President Barack Obama's health care plan has drawn criticism for failing to address rising costs. The administration says the Senate bill would reduce the budget deficit. But Republicans like Rep. Paul Ryan, R-Wisconsin, said at the health care summit that those estimates are based on "a bill that is full of gimmicks and smoke and mirrors." Ryan says the so-called doc fix is "the most cynical gimmick" in the bill.
The doc fix prevents a large reduction in annual federal Medicare fees for doctors.¬†Ryan says, "It was in the first iteration of all of these bills, but because it was a big price tag and it made the score look bad ... that provision was taken out." Instead, it was put into a stand-alone bill.
"Hiding spending does not reduce spending," he says.
Fact Check: What is the status of the 'doc fix?'
- In 1997, Congress enacted a "sustainable growth rate" spending reform to keep Medicare spending in line with the growth rate of the economy. In 2002, that formula called for cuts to doctor's fees, but Congress delayed those decreases. Congress has delayed cuts annually since 2003, resulting in larger fee reductions being called for each year.
- This year's "doc fix" would prevent a 21 percent cut in Medicare payments to physicians. Supporters argue that this must be done so that doctors don't drop their Medicare patients.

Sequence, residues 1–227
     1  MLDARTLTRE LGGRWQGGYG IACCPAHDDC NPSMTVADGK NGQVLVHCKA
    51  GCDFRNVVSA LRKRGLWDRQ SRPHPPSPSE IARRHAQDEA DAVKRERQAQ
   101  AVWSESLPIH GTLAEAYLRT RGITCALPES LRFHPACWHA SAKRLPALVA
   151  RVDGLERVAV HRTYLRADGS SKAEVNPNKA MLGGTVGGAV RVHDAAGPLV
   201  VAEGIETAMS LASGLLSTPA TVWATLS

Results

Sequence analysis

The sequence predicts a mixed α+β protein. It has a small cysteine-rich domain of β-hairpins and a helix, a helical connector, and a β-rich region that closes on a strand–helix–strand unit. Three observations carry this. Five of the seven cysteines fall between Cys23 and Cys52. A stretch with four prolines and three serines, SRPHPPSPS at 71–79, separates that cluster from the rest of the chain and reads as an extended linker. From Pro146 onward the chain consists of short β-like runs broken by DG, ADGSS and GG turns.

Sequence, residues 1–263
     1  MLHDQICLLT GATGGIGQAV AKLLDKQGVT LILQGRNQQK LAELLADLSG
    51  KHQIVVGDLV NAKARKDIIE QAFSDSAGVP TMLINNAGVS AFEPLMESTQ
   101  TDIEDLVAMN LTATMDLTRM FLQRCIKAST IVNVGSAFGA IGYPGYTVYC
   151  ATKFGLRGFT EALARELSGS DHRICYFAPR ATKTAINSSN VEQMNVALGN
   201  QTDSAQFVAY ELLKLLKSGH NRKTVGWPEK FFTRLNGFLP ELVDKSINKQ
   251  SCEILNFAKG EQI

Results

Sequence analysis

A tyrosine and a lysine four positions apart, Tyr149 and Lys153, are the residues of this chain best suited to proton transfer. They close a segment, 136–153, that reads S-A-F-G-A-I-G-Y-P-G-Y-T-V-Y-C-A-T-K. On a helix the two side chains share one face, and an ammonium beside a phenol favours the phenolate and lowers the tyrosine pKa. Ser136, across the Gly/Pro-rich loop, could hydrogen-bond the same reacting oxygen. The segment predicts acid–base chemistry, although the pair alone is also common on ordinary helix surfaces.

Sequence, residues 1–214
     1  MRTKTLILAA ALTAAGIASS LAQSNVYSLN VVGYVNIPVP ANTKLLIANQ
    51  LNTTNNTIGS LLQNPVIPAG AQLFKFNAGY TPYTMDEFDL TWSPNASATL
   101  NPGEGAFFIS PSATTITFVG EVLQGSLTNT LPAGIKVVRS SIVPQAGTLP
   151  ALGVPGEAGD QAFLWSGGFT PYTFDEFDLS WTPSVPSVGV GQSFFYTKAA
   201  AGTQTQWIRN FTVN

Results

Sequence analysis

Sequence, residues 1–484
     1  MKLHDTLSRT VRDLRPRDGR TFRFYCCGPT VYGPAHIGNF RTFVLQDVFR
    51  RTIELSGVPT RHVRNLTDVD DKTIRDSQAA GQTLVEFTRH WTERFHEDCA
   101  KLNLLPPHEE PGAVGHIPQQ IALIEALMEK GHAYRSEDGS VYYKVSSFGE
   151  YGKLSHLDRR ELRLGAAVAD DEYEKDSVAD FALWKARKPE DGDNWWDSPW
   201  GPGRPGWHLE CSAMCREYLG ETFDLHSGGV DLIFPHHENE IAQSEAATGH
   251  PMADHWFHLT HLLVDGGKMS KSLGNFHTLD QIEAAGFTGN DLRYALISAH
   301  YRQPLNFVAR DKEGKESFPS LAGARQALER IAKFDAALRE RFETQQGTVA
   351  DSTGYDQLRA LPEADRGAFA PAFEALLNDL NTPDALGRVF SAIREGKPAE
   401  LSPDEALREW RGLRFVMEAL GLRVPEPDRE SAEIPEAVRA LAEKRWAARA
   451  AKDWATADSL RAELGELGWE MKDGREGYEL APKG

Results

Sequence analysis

- The most recent spending cuts went into effect on March 1. When the Senate passed a bill extending jobless benefits on March 2, it included language temporarily delaying the cuts until the end of the month. Sen. Max Baucus, D-Montana, tried but failed to eliminate the doc fix from the jobs bill.
- Opponents argue that removing the fix from the health care bill and creating an independent bill for it is simply an accounting trick to make the health care bill look like it costs less. They argue that the country can't afford it.
- According to the Congressional Budget Office, enacting the Medicare Physician Payment Reform Act of 2009, which passed in the House last November, would cost about $210 billion over the next 10 years. The Obama administration set aside $371 billion in the 2011 budget to prevent a reduction in Medicare physician payments.
- Senate Majority Leader Harry Reid, D-Nevada, has said in the past that he hopes Congress can pass a "multi-year" fix after health insurance reform is complete.
As of now, cuts in Medicare payments to physicians are temporarily delayed. A permanent solution for the the politically unpopular cuts is unclear.
- CNN's Caleb Hellerman contributed to this report.
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